Ireland and France

Italy put up a better fight than the 26-3 scoreline suggests against Ireland last weekend and it would have been much closer had Leonardo Ghiraldini not been sin-binned in the second half . Without him on the field, Ireland could finally penetrate an impressive home defence. A late second try put some shine on what was an unconvincing Irish win but Joe Schmidt’s side have now won their last eight and go into tomorrow’s clash at home to France in buoyant mood. With England winning in Cardiff last Friday, despite being under-strength, it’s likely that the defining game of the championship will be Ireland versus England on 1st March in Dublin. 

Sporting Index traders now make the Red Rose clear favourites on the Six Nations Outright 60 Index, at 45-48, way ahead of Ireland at 36-39. Les Bleus were poor in beating a Scotland side that shot themselves in the foot by conceding 11 penalties. Five were converted in the 15-8 defeat and the Scots will reflect on a wasted opportunity to end a miserable run of what is now nine consecutive opening Six Nations defeats. France have a good recent record away to Ireland, losing only one of the last six matches, but are notoriously hard to predict in this tournament, capable of brilliant and shambolic displays in equal measure. The sides met in Paris last year with Ireland clinching the title on points difference with a narrow win – only their second there in 42 years. With memories of how impressively the Irish beat Australia and South Africa in the autumn also still fresh, it’s hard to oppose the hosts tomorrow. Schmidt’s men should improve on the Italy display with classy trio Jonathan Sexton, Sean O'Brien and Jamie Heaslip back in the side after missing that opener.

England And Ireland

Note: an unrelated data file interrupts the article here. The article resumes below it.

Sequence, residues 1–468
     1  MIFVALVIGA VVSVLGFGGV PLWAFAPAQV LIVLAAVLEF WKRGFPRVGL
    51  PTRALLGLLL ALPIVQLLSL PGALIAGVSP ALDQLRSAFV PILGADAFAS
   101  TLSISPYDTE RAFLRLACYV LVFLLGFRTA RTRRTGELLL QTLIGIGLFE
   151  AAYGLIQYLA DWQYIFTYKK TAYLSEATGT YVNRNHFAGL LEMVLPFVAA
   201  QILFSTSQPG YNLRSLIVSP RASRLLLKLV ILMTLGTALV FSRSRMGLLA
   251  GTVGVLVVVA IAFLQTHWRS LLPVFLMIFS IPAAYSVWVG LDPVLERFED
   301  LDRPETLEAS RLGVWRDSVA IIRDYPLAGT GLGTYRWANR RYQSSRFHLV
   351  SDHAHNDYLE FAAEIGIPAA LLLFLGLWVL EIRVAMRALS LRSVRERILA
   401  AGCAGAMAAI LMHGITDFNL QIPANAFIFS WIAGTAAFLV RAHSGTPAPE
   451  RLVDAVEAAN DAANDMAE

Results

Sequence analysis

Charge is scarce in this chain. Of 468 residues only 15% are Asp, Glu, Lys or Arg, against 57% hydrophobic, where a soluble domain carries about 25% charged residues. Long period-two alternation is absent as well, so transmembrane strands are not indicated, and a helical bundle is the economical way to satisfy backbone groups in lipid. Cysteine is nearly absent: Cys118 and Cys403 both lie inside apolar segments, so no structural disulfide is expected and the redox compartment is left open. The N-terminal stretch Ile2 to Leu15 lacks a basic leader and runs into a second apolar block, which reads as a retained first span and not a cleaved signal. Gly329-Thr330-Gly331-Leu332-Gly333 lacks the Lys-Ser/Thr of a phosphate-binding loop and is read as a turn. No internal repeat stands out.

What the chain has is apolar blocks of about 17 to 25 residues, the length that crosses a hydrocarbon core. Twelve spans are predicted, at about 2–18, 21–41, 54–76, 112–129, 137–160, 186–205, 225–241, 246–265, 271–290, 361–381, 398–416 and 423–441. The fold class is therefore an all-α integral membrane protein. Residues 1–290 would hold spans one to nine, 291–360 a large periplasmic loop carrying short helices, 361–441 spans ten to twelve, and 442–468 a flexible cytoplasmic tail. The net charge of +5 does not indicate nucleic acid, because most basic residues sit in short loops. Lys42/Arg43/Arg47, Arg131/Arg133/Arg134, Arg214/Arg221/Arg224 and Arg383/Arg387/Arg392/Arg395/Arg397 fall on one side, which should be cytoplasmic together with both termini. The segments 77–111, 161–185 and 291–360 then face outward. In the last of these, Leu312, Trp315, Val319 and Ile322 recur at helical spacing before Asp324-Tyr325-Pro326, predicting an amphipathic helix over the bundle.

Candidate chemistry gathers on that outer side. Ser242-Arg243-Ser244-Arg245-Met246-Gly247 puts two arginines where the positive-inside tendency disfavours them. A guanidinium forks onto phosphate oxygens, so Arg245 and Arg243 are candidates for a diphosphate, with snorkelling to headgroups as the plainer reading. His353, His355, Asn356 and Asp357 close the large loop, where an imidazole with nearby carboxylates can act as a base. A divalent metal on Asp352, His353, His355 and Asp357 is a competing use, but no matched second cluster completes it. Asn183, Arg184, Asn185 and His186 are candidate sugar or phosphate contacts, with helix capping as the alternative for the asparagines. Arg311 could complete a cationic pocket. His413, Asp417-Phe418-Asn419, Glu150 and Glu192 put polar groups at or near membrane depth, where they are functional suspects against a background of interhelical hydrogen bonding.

This is Stuart Lancaster’s fourth Six Nations and although his England side have come close to winning the tournament on several occasions under his tenure, the Red Rose haven’t come out on top since 2011. They’ve only won the Championship once in their last 11 attempts. However, overcoming Ireland this weekend in Dublin would be a significant step to achieving top status once again as well as to complete the Grand Slam. Sunday’s competitors are the only two sides left in the competition who are undefeated after round two. The English triumphed over a fancied Wales in Cardiff in the opening game of this years’ Championship, despite their substantial injury list. Their tournament chances grew stronger still having battered wooden-spoon favourites Italy 47-17 eight days later. England are now favourites, trading at 49-52 on the Outright 60 Index. There were question marks as to how the Ireland camp would cope when talisman Brian O’Driscoll hung up his boots last year. But New Zealand born Joe Schmidt has coached the men in green to their ninth straight win when they triumphed over France 13 days ago and a win on Sunday would equal Ireland’s longest ever winning streak. This clash promises to be a tight affair. England ended Ireland’s Triple Crown hopes last year having won 13-10 and Saracens outside-half Owen Farrell kicked the Red Rose to glory (12-6) in 2013. Both sides are expected to put boot to ball, be it for penalty opportunities or for territory based tactics. Although Irish No 8 Jamie Heaslip is sidelined, the experience of Rory Best, Sean O’Brien, Mike Ross and Paul O’Connell, with a combined total of over 250 caps, is set to provide the hosts with an important advantage in the set piece. This will give them penalty opportunities which Jonny Sexton will look to capitalise on. Ireland kicked six versus France.